You listen to the branches crack around you as the footsteps linger closer and closer. There's a faint light at the end of the tunnel, but the trees are scattered like towers in the endless depths. Trickles of blood is constantly streaming down your face and body as if they were currents in the river. Trying hard not to breathe loudly, headlights flash at you as a woman with snake-like eyes dart at your trembling persona. Dressed as if she just came from the hills of Old Hollywood, she signals her two men. They try to grab you by the hair, but you escape in time to make your escape towards the light. Everything blurs around you as you run from your demons, repeating the same dance of ultraviolence once again.
I'll admit that everyone's fascination with the 80s is starting to get tiring. But there's something so attractive about it that has me coming back for more. I didn't exist in the 80s, but I always appreciated the culture that surrounded it. After finishing "Majesty," I wanted to appropriate more of said culture and double down on the camp slasher I've always dreamed of.
To be honest there's also the notion that this is the first shoot that I've wanted to stray away from the trauma of my personal life. It's a new decade – I wanted to let go of that baggage and what better way of doing that than to do a completely batshit shoot involving lots and lots of blood? It's a rebirth era of sorts – I'm back on my nonsense and I'm growing up in the best way.
Every idea starts with a song. Whenever I get really into a track, my brain automatically wires itself to imagine the visuals that surround it. Music can really elevate a moment so I delved into what makes the 80s synths so alluring. Through listening to music that made it seem like I was transported to a Halloween Club orgy, I was able to guide the visuals of "ULTRAVIOLENCE" to its fruition. From there, I looked at media that was inspired by the 80s and tried to see what I can make out of it. From the moment I saw the "Uncut Gems" poster, I immediately fell in love with it. It's probably the least original image out of this entire shot, but it's simplicity and grittiness struck a chord with me unlike any other.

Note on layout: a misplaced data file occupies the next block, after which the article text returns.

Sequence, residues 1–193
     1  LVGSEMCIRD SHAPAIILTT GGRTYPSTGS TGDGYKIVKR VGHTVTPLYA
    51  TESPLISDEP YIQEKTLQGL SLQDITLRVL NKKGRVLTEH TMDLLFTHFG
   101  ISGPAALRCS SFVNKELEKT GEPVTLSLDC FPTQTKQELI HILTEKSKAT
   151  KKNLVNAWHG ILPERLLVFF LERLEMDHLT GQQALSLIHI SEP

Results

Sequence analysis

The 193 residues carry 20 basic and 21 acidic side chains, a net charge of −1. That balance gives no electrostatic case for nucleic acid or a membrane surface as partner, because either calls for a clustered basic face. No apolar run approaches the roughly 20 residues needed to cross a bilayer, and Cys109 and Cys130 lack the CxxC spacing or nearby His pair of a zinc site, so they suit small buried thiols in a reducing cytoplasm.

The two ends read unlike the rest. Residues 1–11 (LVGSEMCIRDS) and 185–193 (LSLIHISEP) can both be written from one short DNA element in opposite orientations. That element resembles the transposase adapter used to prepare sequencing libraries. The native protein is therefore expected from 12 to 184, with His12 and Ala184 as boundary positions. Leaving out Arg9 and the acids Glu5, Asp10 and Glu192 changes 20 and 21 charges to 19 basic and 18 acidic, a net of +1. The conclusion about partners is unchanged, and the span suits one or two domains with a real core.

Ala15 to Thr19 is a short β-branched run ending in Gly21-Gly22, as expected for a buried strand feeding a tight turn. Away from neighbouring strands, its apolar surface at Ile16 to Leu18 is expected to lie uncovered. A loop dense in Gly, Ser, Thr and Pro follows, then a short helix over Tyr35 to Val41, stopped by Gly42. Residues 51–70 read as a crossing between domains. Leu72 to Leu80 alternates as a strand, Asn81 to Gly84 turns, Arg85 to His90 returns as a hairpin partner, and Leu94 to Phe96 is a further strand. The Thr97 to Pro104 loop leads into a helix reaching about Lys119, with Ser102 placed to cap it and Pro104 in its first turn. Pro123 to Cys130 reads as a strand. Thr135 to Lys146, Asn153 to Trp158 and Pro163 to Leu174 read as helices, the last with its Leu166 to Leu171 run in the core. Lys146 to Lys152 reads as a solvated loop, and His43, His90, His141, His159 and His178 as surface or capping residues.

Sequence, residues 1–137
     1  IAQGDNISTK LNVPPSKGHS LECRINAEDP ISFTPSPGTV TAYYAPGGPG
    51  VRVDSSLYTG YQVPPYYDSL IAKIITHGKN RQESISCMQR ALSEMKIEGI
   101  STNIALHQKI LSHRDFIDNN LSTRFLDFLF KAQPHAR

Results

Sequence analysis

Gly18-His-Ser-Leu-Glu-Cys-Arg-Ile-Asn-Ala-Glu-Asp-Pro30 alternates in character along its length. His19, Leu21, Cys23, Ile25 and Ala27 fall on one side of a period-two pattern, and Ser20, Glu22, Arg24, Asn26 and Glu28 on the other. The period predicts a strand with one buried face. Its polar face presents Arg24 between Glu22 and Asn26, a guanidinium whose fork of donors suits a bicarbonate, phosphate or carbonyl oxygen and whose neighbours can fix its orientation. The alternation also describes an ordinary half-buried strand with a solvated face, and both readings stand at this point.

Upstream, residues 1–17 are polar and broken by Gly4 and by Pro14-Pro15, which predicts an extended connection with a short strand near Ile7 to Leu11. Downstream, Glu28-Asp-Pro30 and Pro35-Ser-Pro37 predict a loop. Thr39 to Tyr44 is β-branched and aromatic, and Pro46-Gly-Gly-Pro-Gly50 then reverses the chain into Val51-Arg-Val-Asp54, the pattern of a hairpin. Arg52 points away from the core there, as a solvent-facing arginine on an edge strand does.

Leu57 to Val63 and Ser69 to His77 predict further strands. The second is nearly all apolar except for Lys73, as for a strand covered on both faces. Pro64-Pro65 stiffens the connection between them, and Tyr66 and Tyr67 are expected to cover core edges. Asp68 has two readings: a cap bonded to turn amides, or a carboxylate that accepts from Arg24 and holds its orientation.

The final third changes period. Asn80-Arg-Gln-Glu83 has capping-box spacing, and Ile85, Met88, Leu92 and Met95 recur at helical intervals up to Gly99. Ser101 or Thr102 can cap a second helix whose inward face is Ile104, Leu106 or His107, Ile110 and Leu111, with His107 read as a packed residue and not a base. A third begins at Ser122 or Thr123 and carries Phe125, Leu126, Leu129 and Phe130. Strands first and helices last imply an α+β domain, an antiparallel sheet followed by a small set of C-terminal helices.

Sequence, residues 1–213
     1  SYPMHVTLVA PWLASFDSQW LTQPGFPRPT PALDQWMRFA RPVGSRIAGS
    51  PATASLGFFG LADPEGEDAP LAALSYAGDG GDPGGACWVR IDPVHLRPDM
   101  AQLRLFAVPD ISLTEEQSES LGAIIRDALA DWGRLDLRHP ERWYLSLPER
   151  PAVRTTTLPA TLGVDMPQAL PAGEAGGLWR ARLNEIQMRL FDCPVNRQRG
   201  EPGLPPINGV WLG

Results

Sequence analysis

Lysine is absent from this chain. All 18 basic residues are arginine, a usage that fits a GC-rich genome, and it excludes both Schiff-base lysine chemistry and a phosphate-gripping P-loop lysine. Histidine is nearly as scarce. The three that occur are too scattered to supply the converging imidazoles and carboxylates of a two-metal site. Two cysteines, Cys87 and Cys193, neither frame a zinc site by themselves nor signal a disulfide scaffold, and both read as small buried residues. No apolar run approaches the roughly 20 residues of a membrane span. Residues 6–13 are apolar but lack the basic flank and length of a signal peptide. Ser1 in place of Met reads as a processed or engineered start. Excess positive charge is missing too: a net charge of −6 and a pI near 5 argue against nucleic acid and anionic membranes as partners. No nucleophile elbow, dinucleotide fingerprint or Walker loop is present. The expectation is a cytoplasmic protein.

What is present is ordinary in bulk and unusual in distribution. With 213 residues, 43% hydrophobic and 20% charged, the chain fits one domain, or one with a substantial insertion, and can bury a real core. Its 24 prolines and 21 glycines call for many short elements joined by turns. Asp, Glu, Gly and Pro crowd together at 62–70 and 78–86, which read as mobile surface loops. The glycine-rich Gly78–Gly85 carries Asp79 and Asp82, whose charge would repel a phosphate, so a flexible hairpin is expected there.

I didn't realize how annoying fake blood could be and poor Yassmin was in charge of splashing it on everyone. The reaction after seeing our hands still covered in red after the first wash was traumatizing and I'm pretty sure all of us still have the stains today. I'm still trying to forget the dread of a red spot splashing onto my family's white walls.
I casted Calvin and Osé as the two henchmen. I always wanted to have a picture of them together and their duality (Calvin accuses me for saying their "Rush Hour" energy) illuminates off the screen. Fatima was heavily inspired by Lady Gaga's Countess from "American Horror Story" through her cold looks and heavy focus on clean kills while wearing high fashion. The bloodiest of them all was Ariana who I deemed the "final girl." For some reason the 80s had this fixation over the final girl being dressed in the most "Betty Cooper" way, but in this one at least she's not white.
"Nobody is a villain in their story."
Directed and photographed by Ricky Lam
Starring Calvin Hoang, Osé Djan, Fatima Tauqir, and Ariana Islam
Assisted by Yassmin Shamma and Parisa Sorbi